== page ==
Pp for all its extreme manifestations is a very treatable illness and recovery is full, your wife will go back to herself and has already taken huge steps on the road to recovery.

Take care of yourself at this point in time and let your wife know that you are there for her. Whenever you need to write we are here for you

Hi Silencer002...I'd just like to say how amazing you are just dealing with this very difficult situation.

Could you speak to the staff on the ward and ask that she has someone there after the phone call finishes to support her? Also, I'm thinking of you, Do you have anyone in the household that can support you emotionally? If not, a phone call to a friend or relative? It may be difficult opening up, I understand that.

Just be reassured that your wife is in the right place, and if shes sleeping, then that's a very good, positive start.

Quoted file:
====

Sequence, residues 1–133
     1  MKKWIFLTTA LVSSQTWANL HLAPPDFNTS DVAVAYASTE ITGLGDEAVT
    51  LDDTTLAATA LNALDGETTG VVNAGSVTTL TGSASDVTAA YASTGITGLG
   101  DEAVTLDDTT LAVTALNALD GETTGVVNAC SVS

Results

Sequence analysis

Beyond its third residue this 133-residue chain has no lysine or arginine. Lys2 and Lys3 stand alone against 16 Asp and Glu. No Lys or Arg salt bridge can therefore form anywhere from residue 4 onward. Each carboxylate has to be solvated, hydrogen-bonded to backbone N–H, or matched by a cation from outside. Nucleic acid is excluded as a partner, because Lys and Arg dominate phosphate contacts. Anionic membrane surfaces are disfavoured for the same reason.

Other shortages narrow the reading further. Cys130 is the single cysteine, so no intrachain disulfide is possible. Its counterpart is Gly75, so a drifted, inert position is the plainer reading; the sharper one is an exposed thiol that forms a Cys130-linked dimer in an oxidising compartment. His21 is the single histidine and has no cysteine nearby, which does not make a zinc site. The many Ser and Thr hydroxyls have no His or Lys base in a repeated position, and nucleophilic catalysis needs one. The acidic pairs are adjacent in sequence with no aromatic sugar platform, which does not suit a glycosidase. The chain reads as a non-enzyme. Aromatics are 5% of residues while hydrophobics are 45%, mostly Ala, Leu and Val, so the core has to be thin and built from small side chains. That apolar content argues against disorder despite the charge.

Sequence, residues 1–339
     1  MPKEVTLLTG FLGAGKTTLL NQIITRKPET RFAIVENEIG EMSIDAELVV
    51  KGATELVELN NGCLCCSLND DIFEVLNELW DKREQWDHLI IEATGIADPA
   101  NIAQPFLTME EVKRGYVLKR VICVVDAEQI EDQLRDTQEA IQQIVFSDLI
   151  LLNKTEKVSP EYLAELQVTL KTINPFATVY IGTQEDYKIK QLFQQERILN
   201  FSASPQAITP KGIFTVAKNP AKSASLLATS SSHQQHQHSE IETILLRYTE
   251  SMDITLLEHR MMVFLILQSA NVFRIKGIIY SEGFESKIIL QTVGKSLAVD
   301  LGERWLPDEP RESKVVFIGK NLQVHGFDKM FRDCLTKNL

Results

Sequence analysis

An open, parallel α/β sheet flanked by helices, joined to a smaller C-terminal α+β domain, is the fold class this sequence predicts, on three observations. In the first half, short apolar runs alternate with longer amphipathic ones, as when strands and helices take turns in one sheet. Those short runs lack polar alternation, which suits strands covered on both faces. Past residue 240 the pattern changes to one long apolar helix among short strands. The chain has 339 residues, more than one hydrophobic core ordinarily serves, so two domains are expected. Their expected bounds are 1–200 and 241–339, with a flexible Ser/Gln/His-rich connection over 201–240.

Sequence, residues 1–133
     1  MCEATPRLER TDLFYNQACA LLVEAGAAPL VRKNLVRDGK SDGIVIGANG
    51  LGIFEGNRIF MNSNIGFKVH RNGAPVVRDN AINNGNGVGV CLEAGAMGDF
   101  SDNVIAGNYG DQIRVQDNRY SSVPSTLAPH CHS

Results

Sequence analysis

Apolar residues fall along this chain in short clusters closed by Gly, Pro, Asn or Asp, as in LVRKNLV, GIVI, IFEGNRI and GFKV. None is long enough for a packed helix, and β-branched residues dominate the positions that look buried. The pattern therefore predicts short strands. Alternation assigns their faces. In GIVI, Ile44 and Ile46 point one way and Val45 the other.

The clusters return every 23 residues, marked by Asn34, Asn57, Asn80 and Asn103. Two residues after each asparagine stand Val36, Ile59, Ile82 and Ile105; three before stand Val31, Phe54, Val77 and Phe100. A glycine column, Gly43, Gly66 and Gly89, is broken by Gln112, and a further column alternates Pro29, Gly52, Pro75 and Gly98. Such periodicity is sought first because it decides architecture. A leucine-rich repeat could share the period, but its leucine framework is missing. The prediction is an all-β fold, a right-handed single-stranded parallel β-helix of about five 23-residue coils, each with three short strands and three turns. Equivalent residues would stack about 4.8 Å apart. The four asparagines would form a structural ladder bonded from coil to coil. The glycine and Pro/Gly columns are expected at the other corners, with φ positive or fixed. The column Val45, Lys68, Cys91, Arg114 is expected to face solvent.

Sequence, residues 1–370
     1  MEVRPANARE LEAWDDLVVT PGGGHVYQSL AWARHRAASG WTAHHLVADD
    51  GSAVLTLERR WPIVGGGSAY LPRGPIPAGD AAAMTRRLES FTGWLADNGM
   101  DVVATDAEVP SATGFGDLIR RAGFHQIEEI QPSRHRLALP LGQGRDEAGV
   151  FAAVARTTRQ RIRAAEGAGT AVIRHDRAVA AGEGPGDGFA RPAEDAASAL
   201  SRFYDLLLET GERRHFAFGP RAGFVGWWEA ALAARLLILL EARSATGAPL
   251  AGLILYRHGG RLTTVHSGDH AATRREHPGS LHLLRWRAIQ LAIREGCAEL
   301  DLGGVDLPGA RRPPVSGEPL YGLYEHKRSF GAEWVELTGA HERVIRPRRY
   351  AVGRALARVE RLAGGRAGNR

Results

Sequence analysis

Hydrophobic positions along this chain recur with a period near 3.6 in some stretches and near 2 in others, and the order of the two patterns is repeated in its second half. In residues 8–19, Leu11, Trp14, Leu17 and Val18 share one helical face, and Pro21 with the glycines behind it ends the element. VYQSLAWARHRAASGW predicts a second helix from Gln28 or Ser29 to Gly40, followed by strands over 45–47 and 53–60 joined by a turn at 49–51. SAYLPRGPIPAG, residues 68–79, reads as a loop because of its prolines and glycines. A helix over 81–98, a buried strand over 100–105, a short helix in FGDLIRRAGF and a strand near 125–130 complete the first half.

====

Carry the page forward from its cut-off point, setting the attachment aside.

In time, your wife's confusion and paranoia should decrease. I presume she is on medication?

Please let us know how she is getting on and don't hesitate to reach out again for some support.

Lilybeth
LilybethVolunteer

Hello Silencer002

Just thinking of you and hope your wife is slowly recovering from such an awful time after your son was born. I hope you have support for yourself and PSI is continuing to be helpful with regular contact. Take very good care and stay safe.

So the wife is back home as of yesterday and she seems to be getting better slowly. She is on medication and is still having some hard moments and confusion and paranoia. It is very difficult for me some times because I feel like I am wearing thin, and it’s a lot of hard work. I feel drained physically and mentally supporting her and the baby. I. Not really sure what she has anymore, was it ppp or was it some other kind of break? The doctor didn’t really diagnose it as ppp but I don’t know how confident I am in that.

Lilybeth
LilybethVolunteer